Diabetes is a disorder that impairs the body’s ability to metabolize carbohydrates and is characterized by abnormally elevated blood glucose (sugar) levels and the excretion of the excess glucose in the urine. There are two types of diabetes mellitus: Type 1 diabetes occurs primarily in children and young adults and has a rapid onset and progress. The pancreas does not produce enough insulin. Type 2 diabetes has evolved as a major disease in the last decade, usually affecting those over the age of 40 and having a slow onset and slow progress.
Dysentery is an inflammatory disorder of the colon that results in diarrhea or passing of stools with mucus and is usually preceded by gripping abdominal pain. Sometimes blood is also present in the stools. In Ayurveda, it is known as pravahika, which means ‘tenesmus’ (feeling the need to empty the bowels).
Eczema is a disease characterized by skin rashes that have redness, swelling, itching, dryness, and flaking. The skin itches and when scratched results in a rash. In Ayurveda, this is known as vicharchika. It occurs when the immune system becomes unbalanced, so the condition is often associated with other allergic conditions like allergic asthma, hay fever, etc. Genetic factors, debility, climate, and psychological factors can dispose one to the condition.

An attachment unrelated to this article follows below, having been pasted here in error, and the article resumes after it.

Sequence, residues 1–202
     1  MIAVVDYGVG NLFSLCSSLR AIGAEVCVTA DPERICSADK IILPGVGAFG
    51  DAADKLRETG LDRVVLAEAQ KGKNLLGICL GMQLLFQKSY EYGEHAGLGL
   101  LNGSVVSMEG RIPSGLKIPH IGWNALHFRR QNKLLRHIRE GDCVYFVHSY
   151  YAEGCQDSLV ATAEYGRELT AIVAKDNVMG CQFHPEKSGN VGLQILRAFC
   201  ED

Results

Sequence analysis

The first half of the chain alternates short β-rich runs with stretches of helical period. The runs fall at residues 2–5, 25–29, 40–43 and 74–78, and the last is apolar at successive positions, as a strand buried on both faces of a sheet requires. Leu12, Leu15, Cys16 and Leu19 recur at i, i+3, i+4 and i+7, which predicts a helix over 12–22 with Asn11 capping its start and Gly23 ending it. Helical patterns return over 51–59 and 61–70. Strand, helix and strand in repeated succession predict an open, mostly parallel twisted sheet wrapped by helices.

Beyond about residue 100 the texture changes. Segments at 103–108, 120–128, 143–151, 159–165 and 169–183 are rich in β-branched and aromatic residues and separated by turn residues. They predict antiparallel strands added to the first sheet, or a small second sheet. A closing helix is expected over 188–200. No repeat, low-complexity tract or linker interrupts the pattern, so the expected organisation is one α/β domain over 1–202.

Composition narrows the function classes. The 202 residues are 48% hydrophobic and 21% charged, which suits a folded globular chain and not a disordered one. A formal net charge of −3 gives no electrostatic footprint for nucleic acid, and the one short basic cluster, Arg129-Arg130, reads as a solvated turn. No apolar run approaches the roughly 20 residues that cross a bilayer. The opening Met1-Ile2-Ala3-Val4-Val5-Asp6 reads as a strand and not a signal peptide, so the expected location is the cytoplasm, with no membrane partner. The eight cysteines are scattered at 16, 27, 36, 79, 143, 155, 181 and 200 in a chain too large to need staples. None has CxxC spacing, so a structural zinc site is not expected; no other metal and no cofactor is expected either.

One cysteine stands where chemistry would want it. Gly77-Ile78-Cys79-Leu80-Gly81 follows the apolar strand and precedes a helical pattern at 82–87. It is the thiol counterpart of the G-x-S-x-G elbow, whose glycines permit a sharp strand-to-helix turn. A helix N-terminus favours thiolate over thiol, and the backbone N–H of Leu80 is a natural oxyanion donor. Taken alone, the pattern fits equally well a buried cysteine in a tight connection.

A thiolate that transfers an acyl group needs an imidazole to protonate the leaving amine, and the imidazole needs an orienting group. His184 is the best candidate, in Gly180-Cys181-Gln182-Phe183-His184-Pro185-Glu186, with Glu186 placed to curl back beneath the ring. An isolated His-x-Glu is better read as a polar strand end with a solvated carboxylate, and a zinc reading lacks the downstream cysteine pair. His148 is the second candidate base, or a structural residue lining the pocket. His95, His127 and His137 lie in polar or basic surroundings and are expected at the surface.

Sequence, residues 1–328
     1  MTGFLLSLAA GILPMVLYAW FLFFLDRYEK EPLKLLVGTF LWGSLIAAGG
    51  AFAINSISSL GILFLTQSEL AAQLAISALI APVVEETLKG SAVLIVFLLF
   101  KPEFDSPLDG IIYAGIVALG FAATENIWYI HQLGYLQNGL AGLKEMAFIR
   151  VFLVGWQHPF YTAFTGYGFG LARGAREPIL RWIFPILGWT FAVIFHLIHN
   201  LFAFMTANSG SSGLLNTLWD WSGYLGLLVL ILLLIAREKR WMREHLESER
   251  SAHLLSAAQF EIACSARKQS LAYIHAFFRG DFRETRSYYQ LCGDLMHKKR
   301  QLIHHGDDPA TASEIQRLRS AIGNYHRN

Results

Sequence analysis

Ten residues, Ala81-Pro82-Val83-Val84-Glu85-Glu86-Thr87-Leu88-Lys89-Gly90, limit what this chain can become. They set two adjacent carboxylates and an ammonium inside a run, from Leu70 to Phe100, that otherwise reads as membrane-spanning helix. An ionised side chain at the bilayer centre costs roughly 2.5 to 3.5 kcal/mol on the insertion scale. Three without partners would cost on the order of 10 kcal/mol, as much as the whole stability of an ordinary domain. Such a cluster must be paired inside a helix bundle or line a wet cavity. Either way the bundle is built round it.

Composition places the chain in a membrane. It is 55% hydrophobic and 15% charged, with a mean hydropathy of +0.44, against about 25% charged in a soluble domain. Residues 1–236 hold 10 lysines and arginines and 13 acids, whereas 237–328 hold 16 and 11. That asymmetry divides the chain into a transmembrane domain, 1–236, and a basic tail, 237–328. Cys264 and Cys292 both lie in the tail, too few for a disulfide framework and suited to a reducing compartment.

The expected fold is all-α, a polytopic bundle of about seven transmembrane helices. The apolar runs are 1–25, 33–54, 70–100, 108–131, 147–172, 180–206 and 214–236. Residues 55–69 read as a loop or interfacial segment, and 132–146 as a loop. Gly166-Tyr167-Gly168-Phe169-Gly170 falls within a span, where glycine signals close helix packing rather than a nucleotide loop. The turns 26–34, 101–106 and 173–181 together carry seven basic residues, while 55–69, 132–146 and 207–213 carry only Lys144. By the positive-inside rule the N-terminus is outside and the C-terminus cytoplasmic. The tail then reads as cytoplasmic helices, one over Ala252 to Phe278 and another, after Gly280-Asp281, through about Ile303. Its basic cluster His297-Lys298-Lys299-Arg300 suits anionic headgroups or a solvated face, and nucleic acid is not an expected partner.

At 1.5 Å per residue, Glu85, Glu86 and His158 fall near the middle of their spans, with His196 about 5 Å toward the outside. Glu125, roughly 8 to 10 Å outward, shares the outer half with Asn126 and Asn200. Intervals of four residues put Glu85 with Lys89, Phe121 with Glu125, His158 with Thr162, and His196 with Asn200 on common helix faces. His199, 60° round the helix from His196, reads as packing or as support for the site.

When we use the muscles that can voluntarily be controlled, such as those of our arms and legs, they alternately contract and relax as they move. Muscles that support our head, neck, and trunk contract similarly in a synchronized fashion to maintain our posture. A muscle (or even a few fibres of a muscle) that involuntarily contracts is called a spasm. If the spasm is forceful and sustained, it becomes a cramp. A muscle cramp is thus defined as an involuntarily and forcibly contracted muscle that does not relax. This causes a visible or palpable hardening of the involved muscle.